TRIPOLI, Libya (AP) — U.S. special forces on Saturday carried out a raid in the Libyan capital to capture an al-Qaida leader linked to the 1998 American Embassy bombings in east Africa and wanted by the United States for more than a decade, a U.S. official said.
A U.S. official identified the al-Qaida leader as Nazih Abdul-Hamed al-Ruqai, known by his alias Anas al-Libi. His capture would represent a significant blow to what remains of the core al-Qaida organization once led by Osama bin Laden.
Pentagon spokesman George Little said al-Libi "is currently lawfully detained by the U.S. military in a secure location outside of Libya." He did not disclose further details.
A senior U.S. military official said the raid was carried out by the U.S. Army's Delta Force, which has responsibility for counterterrorism operations in North Africa. The official spoke on condition of anonymity because the official was not authorized to speak publicly.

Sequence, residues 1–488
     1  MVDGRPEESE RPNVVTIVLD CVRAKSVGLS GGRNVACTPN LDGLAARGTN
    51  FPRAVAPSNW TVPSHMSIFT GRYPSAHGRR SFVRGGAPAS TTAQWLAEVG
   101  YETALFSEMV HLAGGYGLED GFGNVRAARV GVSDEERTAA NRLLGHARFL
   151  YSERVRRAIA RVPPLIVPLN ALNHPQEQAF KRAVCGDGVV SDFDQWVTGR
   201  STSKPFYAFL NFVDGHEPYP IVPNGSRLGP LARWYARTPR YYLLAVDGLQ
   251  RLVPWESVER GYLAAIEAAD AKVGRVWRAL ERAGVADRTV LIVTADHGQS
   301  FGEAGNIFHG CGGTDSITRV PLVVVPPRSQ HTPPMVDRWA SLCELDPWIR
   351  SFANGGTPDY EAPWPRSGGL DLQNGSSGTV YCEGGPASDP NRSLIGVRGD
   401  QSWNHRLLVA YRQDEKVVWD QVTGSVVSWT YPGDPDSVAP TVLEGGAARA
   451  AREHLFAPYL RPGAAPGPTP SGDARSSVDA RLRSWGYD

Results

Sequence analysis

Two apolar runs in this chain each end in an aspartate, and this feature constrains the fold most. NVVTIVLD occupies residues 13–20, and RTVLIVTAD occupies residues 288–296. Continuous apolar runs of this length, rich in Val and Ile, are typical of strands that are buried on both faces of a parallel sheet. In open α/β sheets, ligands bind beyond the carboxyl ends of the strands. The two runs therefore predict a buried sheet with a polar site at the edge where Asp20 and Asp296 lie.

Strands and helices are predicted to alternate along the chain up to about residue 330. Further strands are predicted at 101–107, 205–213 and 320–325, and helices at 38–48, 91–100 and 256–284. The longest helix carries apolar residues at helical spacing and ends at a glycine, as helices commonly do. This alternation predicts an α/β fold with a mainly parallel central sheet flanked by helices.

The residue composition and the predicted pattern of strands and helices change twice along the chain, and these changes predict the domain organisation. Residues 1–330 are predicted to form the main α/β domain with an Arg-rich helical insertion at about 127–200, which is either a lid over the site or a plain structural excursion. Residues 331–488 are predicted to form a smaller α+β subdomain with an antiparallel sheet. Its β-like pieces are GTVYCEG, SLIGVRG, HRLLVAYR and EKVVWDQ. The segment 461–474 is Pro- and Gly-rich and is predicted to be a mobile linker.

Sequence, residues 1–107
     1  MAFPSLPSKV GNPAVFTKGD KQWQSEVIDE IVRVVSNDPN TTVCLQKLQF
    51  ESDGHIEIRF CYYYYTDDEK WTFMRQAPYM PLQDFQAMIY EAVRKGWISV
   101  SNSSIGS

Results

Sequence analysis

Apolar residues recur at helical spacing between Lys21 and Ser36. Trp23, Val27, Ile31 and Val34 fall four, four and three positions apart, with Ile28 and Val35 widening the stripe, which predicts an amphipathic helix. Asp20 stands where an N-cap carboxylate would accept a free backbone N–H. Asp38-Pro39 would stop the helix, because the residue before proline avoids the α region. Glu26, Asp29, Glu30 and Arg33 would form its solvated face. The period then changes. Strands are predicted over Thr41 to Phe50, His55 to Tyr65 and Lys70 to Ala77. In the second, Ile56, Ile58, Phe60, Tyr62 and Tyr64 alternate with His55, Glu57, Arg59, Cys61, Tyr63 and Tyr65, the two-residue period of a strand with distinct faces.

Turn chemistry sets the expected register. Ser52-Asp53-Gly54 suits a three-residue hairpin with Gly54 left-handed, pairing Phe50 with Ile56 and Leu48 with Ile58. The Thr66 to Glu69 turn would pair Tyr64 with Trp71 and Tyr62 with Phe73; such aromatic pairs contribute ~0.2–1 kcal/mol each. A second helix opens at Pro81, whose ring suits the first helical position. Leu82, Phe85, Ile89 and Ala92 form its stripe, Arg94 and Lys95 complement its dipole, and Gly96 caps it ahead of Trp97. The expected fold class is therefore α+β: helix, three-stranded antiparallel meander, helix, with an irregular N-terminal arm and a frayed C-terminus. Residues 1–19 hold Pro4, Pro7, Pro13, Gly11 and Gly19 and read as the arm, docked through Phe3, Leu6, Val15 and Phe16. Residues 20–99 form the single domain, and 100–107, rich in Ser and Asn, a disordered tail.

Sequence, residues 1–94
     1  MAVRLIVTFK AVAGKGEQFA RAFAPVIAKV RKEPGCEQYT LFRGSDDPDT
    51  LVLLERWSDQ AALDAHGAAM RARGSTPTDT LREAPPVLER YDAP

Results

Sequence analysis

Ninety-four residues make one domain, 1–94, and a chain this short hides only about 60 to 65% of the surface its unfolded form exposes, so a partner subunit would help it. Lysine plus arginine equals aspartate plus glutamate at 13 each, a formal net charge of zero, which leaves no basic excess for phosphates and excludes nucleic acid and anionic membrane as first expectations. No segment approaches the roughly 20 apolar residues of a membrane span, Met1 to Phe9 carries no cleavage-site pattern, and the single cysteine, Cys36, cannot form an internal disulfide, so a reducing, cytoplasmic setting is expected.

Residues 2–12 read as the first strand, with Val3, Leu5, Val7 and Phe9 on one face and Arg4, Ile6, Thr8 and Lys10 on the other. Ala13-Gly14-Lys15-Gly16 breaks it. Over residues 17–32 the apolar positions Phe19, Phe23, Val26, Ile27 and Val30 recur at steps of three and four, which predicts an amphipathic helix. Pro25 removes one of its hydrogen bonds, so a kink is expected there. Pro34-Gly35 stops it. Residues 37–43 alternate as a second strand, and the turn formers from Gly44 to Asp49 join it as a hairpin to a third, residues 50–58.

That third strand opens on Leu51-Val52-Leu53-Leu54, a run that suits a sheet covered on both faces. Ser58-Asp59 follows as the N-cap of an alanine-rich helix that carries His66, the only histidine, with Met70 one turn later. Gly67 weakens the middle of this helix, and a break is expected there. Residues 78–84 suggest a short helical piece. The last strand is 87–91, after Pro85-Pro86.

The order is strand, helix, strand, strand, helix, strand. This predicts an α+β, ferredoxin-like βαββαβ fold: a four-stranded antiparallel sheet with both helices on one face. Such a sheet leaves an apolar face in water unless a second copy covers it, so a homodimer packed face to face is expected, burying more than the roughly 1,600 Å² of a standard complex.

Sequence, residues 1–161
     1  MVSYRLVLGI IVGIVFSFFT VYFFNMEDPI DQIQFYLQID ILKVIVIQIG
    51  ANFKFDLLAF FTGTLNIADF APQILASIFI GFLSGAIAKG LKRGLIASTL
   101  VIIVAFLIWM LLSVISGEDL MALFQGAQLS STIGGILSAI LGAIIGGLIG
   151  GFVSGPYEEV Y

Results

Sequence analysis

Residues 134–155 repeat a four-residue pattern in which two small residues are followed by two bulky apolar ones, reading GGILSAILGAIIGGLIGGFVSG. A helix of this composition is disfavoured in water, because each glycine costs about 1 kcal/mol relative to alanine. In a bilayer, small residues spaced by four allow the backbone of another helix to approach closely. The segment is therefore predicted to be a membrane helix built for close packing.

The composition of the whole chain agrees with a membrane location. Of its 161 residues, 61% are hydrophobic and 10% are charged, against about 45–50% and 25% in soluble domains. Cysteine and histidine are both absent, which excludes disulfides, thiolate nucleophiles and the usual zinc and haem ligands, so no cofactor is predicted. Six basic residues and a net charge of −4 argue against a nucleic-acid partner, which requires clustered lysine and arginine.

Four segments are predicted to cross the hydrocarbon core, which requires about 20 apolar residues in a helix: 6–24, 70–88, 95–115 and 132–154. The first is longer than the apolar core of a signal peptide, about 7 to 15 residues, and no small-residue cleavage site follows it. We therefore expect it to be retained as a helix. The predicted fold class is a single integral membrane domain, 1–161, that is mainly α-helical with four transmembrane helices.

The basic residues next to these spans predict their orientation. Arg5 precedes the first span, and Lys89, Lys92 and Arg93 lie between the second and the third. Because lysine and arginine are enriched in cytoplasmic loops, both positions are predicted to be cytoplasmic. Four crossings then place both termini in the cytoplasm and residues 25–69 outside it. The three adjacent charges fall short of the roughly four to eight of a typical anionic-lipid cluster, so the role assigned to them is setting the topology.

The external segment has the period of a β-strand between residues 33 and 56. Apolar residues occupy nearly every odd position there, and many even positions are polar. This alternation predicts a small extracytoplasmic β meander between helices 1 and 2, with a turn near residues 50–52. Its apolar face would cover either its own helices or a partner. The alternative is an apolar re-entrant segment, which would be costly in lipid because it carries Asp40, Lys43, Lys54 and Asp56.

Family members said gunmen in a three-car convoy seized al-Libi outside his home in the Libyan capital, Tripoli. Al-Libi is believed to have returned to Libya during the 2011 civil war that led to the ouster and killing of dictator Moammar Gadhafi.
His brother, Nabih, said the 49-year-old was parking outside his house early Saturday after dawn prayers, when three vehicles encircled his vehicle. The gunmen smashed his car's window and seized his gun before grabbing al-Libi and fleeing. The brother said al-Libi's wife saw the kidnapping from her window and described the abductors as foreign-looking armed "commandos."
The U.S. official said there were no U.S. casualties in the operation. The official was not authorized to speak publicly and requested anonymity.
Al-Libi is on the FBI's most-wanted list with a $5 million bounty on his head. He was indicted by a federal court in the Southern District of New York, for his alleged role in the bombings of the U.S. Embassies in Dar es Salaam, Tanzania, and Nairobi, Kenya, on August 7, 1998, that killed more than 220 people.
Libyan officials did not return calls seeking comment on al-Libi's abduction and the U.S. issued no immediate statements. His brother said he failed to contact authorities over the matter.
Al-Libi was believed to be a computer specialist with al-Qaida. He studied electronic and nuclear engineering, graduating from Tripoli University, and was an anti-Gadhafi activist.
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